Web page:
Boxing club knocked out by lifesaving donation

11th August 2022 - Jamie Richards

A Leek boxing club has installed an automated external defibrillator (AED) which can also be accessed by local people, to cut the risk of the loss of a life in the event of a sudden cardiac arrest.

Keatesy’s Boxing Academy on Cruso Street, Leek and the surrounding area are now safer thanks to a charitable donation that has paid for the AED and its ongoing maintenance.

The lifesaving donation AED has been fully funded by the Kieran Rutter Legacy Foundation, founded by Steve and Alicia Rutter after they lost their son Kieran, who was killed in a car accident at the age of just 20 in 2015. It is the latest of a series of AEDs which have been installed in and around Leek, coordinated by Dave Swarbrook, whose friend David McNeaney, known as Macca to his many friends, passed away suddenly on New Year’s Eve 2020.

Carly Ball, director of Keatesy’s Boxing Academy, said: “It will be mandatory for all sports clubs like ours to have an AED by June this year, but I was still shocked to find out that so many people die each year from cardiac arrest when their lives could have been saved by a defibrillator and CPR.

“High profile incidences such as footballers Christian Eriksen and Fabrice Muamba have brought the issue to the forefront, but it can happen to anyone at any age and fitness, and we want to be assured that we are in a position to do everything we can to save a life if needed.”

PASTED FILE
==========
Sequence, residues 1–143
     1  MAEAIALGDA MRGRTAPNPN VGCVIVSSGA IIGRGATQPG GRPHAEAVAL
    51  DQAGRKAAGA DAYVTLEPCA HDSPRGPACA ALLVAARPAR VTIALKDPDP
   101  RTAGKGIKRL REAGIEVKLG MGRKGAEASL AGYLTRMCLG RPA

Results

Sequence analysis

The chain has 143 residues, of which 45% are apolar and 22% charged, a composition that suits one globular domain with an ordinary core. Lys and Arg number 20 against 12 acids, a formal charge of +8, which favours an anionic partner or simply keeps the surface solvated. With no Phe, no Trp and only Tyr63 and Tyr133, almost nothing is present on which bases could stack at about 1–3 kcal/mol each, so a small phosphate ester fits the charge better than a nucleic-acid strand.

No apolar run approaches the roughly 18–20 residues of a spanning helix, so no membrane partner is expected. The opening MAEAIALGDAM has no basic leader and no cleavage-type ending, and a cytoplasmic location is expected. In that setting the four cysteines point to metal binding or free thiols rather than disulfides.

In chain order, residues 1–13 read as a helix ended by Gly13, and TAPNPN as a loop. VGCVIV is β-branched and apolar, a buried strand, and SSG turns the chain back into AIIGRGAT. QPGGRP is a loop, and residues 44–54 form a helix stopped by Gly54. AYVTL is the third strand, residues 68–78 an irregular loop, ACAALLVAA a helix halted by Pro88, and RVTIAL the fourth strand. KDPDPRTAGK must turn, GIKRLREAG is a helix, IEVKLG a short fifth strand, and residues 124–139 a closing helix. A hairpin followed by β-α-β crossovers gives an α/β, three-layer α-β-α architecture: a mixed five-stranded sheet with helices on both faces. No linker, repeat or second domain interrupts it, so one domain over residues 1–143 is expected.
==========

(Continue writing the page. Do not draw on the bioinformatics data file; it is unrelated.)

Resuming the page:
“We are now making sure as many people as possible at the club know what to do in the event of a cardiac arrest, both in terms of operating the AED and administering CPR. This club is an integral part of the community, so we thought it was important to give local people access to the defibrillator as well. You hope it never needs to be used, but it will greatly cut the risk of unnecessary death if it does.

“I would like to personally thank Steve and Alicia Rutter for their funding, support, and the lifesaving donation which has enabled us to install the AED.”

The defibrillator was supplied and installed by charity AEDdonate who manage the fundraising campaign with a dedicated fundraising page. They then look after the installation, registration with the ambulance service, and regular maintenance of the defibrillator.

Jamie Richards, CEO of AEDdonate, said: “In the UK, over 30,000 out-of-hospital cardiac arrests are treated by emergency medical services every year. Approximately one in 10 people will survive this event. The survival rate decreases minute by minute after sudden cardiac arrest; if a defibrillator is applied within three minutes, there is a 70 percent chance of survival. To improve this, defibrillators must be easily accessible throughout the country.  Apply For Funding For Your Area Now.

“Defibrillators are extremely easy to use, and they provide step-by-step instructions in either verbal or visual form. They can be operated by anyone, with no prior training required.”

To find out more about fundraising for a defibrillator through AEDdonate email: call 01785 472224 or visit:


Photo: Alicia Rutter, Steve Rutter, Andy Keates and Dave Swarbrook.

01785 472224